Invited Symposium: Neural Bases of Hypnosis
The experience of pain includes sensory (e.g. intensity) and affective-motivational determinants (e.g. unpleasantness). Two positron emission tomography studies were designed to dissociate these aspects of pain using hypnosis. The typical pattern of regional cerebral blood flow (rCBF) increase in the somatosensory cortices S1 and S2, the insula, and the anterior cingulate cortex (ACC) was replicated using tonic heat pain tests in normal subjects. During hypnosis, suggestions to modulate pain affect produced specific changes in subjective pain unpleasantness and ACC activity. In contrast, suggestions directed at the sensory-intensity of pain produced a modulation primarily in subjective pain intensity and S1 activity. These results demonstrate a partial segregation of cortical structures involved in pain affect and pain sensation, and indicate that hypnotic suggestions modulated the activity in cortical structures underlying normal perception. Additional analyses of rCBF changes associated with hypnotic induction showed reliable increases in bilateral occipital and lateral frontal cortices and decreases in parietal cortices, independent of pain. In contrast, suggestions for pain modulation produced widespread increases in frontal (left > right) and parietal cortices. The patterns of activation associated with hypnotic induction and suggestions underlie the multiple cognitive processes involved in these distinct aspects of hypnotic interventions.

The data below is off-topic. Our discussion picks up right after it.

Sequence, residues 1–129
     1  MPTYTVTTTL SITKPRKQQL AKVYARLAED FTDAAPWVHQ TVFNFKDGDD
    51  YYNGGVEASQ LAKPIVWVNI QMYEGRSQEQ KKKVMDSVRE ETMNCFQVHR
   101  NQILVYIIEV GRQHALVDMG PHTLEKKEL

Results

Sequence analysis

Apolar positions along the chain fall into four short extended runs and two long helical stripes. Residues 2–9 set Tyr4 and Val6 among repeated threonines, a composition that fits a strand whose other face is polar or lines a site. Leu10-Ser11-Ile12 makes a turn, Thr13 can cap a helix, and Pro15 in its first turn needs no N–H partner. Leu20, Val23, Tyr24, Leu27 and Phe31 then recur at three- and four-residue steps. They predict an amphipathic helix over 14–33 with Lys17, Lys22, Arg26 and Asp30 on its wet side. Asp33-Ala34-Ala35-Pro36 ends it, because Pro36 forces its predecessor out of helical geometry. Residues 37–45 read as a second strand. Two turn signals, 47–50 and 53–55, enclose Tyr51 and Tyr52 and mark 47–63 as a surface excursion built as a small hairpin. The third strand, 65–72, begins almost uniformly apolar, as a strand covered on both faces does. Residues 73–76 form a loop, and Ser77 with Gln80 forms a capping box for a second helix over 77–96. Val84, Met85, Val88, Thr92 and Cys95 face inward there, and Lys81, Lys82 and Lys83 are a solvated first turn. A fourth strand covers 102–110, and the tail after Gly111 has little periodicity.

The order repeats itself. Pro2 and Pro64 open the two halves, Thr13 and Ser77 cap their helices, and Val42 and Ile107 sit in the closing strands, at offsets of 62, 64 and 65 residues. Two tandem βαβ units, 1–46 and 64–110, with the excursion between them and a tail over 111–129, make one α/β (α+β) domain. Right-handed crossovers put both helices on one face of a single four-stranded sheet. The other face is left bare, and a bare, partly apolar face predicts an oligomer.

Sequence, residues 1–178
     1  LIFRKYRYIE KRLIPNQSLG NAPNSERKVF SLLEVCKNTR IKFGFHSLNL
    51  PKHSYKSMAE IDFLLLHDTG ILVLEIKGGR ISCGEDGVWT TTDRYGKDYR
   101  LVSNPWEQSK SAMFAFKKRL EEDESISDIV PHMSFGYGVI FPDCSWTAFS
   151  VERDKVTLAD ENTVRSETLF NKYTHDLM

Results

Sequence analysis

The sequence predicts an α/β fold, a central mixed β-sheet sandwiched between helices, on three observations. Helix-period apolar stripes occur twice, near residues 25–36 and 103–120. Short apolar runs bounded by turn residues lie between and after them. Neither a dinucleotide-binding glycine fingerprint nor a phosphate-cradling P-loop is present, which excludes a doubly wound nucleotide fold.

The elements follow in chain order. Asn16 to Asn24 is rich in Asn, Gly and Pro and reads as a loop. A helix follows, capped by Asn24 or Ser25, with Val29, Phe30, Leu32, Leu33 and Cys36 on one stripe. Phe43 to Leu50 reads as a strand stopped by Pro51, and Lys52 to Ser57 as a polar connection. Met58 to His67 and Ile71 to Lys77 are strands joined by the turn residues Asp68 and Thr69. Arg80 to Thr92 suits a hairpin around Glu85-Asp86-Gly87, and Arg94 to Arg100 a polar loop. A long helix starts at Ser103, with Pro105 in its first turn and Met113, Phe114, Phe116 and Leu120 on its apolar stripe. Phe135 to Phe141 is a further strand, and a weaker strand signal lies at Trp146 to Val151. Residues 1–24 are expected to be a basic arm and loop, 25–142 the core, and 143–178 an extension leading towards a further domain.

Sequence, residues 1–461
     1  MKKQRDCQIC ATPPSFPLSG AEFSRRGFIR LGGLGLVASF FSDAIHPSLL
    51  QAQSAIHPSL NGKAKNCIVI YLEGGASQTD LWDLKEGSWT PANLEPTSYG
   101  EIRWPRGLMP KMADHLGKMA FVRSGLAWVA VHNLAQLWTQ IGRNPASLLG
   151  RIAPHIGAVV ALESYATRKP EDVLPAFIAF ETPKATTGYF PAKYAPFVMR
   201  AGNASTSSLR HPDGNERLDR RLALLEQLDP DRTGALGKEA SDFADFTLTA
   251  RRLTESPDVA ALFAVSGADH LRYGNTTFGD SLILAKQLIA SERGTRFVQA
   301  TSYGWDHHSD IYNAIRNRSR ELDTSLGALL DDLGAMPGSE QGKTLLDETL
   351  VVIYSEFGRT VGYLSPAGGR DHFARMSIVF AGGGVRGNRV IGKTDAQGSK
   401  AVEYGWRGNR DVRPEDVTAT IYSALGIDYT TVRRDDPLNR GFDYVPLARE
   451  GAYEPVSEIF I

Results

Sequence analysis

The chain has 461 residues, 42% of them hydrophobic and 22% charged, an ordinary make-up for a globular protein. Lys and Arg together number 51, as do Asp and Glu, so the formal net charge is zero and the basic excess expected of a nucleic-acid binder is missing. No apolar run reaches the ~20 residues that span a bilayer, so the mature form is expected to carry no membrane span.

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|Rainville, P.; (1998). Brain Imaging Studies of the Hypnotic Modulation of Pain Sensation and Pain Affect. Presented at INABIS '98 - 5th Internet World Congress on Biomedical Sciences at McMaster University, Canada, Dec 7-16th. Invited Symposium. Available at URL http://www.mcmaster.ca/inabis98/woody/rainville0419/index.html|
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